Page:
Otitis media

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Otitis media

  1. 1. (Otitis Media (AAP/AAFP Dr. Faisal Al Hadad Consultant of Family Medicine & Occupational Health PSMMC
  2. 2. Definitions  AOM is a viral or bacterial infection of the middle ear. By age three, more than 80 percent of children have been diagnosed as AOM.  Otitis media with effusion is middle ear effusion in the absence of acute infection.  Chronic suppurative otitis media is persistent infection and resultant perforation of the tympanic membrane.
  3. 3. Pathophysiology  An allergy or URTI causes obstruction of the ET which results in accumulation of middle ear secretions (effusion).  Secondary bacterial or viral infection of the effusion causes suppuration and features of AOM.  The effusion may persist for wks or months after the infection resolves.  Streptococcus pneumoniae, Haemophilus influenzae, and Moraxella catarrhalis are the most common bacterial isolates from the middle ear fluid of children with AOM.  Penicillin-resistant S. pneumoniae is the most common cause of recurrent and persistent AOM.
  4. 4. Diagnostic criteria for AOM  Rapid onset of symptoms and  Middle ear effusion (bulging TM, limited or absent mobility of membrane and air-fluid level behind membrane) And  Signs and symptoms of middle ear inflammation (erythema of TM and otalgia affecting sleep or normal activity)
  5. 5. AOM Non-specific symptoms of AOM:  Fever,  Headache,  Irritability,  Cough,  Rhinitis,  Listlessness,  Anorexia,  Vomiting,  Diarrhea
  6. 6. (Otoscopy (acute otitis media
  7. 7. Tympanometry: A flattened tracing (type B tracing( indicating middle ear effusion
  8. 8. Chronic supportive otitis media Chronic suppurative otitis media presents with persistent or recurrent otorrhea through a perforated TM.
  9. 9. Treatment of AOM  Treatment goals in AOM include symptom resolution and reduction of recurrence.  Most children with AOM have spontaneous resolution within seven to 14 days; therefore, antibiotics should not routinely be prescribed initially for all children.  Delaying antibiotic therapy in selected patients reduces treatment-related costs and side effects and minimizes emergence of resistant strains.
  10. 10. (Treatment AOM (Symptomatic  Pain management is important in the first two days after diagnosis.  Acetaminophen (15 mg/kg every four to six hrs) and ibuprofen (10 mg/kg every six hrs) .
  11. 11. (Treatment AOM (antibiotics  Antibiotics are recommended for all children younger than six months, for those six months to two years of age when the diagnosis is certain.  All children older than two years with severe infection (defined as moderate to severe otalgia or temperature greater than 39° C.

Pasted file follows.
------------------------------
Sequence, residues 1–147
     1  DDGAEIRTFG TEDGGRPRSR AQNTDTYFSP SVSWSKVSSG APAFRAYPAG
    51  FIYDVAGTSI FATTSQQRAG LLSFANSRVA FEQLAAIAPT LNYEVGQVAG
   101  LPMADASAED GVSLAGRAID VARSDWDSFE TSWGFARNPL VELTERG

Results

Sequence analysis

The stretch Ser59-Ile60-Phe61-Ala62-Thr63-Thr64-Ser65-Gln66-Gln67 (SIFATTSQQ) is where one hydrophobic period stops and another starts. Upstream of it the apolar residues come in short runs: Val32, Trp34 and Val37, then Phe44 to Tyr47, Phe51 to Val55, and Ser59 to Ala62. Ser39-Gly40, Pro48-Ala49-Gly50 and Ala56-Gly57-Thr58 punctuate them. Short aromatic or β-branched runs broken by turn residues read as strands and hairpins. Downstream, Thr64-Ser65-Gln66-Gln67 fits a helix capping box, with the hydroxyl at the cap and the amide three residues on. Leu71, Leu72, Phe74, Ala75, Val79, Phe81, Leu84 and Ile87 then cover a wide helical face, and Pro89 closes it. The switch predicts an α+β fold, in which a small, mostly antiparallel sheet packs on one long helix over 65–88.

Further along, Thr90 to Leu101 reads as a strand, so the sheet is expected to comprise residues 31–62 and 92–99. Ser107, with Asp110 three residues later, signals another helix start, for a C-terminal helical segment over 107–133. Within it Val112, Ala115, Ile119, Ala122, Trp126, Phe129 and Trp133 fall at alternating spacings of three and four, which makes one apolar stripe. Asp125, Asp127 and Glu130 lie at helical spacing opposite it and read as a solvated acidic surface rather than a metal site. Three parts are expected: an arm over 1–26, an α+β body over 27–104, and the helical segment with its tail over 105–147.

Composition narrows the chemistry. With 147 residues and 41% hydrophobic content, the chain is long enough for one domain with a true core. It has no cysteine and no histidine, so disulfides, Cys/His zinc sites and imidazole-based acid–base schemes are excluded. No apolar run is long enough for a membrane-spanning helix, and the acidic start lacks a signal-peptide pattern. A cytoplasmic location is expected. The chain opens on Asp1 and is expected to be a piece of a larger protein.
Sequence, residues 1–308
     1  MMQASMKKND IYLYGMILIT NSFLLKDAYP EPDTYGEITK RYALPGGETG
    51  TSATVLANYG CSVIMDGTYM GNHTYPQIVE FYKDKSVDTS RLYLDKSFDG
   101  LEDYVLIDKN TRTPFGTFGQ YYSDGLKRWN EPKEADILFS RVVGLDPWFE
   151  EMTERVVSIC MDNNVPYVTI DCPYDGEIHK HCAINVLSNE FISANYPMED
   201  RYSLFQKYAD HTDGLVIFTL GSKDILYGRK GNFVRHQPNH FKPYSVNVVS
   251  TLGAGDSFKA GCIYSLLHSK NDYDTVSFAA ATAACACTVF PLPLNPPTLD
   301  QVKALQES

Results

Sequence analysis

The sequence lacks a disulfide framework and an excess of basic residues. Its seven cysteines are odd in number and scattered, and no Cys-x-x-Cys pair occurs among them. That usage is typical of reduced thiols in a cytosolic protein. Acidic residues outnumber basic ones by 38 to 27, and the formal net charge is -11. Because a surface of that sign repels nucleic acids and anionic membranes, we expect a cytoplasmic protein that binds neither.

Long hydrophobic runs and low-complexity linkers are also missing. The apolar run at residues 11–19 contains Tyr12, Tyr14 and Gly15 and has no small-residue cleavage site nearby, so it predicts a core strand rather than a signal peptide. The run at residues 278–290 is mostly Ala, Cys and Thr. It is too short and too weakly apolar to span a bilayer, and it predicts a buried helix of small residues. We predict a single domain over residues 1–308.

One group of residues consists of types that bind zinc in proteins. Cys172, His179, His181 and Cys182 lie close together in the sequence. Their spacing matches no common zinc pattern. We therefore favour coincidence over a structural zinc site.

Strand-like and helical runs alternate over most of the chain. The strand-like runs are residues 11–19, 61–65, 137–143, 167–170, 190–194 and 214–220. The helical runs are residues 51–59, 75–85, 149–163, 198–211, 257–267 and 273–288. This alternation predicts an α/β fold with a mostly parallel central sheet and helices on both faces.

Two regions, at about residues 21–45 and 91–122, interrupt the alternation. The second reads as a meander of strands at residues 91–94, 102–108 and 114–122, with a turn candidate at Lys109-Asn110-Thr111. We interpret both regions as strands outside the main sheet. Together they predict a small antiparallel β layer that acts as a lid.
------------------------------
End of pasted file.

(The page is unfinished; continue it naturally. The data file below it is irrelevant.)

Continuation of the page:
12. 12. (Treatment AOM (antibiotics  High-dosage amoxicillin (80 to 90 mg/kg/day BD for 10 days) is recommended as first-line antibiotic therapy in children with AOM.  In children older than six years with mild to moderate disease, a five- to seven day course is adequate.  First-line treatment with amoxicillin is not recommended in children with penicillin allergy.
  13. 13. (Treatment AOM (antibiotics  Cephalosporins may be used in children allergic to penicillin if there is no history of urticaria or anaphylaxis to penicillin. If there is a history of urticaria or anaphylaxis to penicillin. , a macrolide (e.g., azithromycin, clarithromycin) or clindamycin may be used.   A single dose of parenteral ceftriaxone (50 mg per kg) may be useful in children with vomiting or in whom compliance is a concern.
  14. 14. Treatment of persistent AOM  If there is no clinical improvement within 48 to 72 hours, initiate antibiotic therapy in those on symptomatic treatment alone. Patients who are already taking antibiotics should be changed to second-line therapy.  Second-line therapy include high-dose amoxicillin/clavulanate, cephalosporins, and macrolides. Parenteral ceftriaxone administered daily over three days is useful in children with emesis or resistance to amoxicillin/ clavulanate.  For children who do not respond to second-line antibiotics, clindamycin and tympanocentesis are appropriate options.  CT is useful if bony extension is suspected. MRI is superior to CT in evaluating potential intracranial complications.
  15. 15. Treatment of recurrent AOM  Most children with recurrent AOM improve with watchful waiting.  Although antibiotic prophylaxis may reduce recurrence, there are no widely accepted recommendations for antibiotic choice or prophylaxis duration.  Minimizing risk factors (e.g., exposure to cigarette smoke, pacifier use, bottle feeding, daycare attendance) decreases recurrence.
  16. 16. Treatment of OM with effusion  Persistent middle ear effusion after resolution of AOM requires only monitoring and reassurance.  Children older than two years who have otitis media with effusion must be seen at 3-6 month intervals until effusion resolves. Children with hearing loss of 40 dB or more should be referred for surgery.  Tympanostomy with ventilation tube insertion is the preferred initial procedure.  Adenoidectomy may be considered in children who have recurrent otitis media with effusion after tympanostomy if chronic adenoiditis is present or if adenoidal hypertrophy causes nasal obstruction.
  17. 17. Treatment of chronic suppurative OM  Topical antibiotics (e.g., quinolones, aminoglycosides, polymyxins) are more effective than systemic antibiotics in clearing the infection in patients with chronic suppurative otitis media.  Oral or parenteral antibiotics are useful in patients with systemic sepsis or inadequate response to topical antibiotics. They should be selected on the basis of culture and sensitivity results.  Tympanoplasty is an option in patients with chronic perforation and hearing loss.  Mastoidectomy is often recommended for patients with chronic mastoiditis.
  18. 18. Thank you

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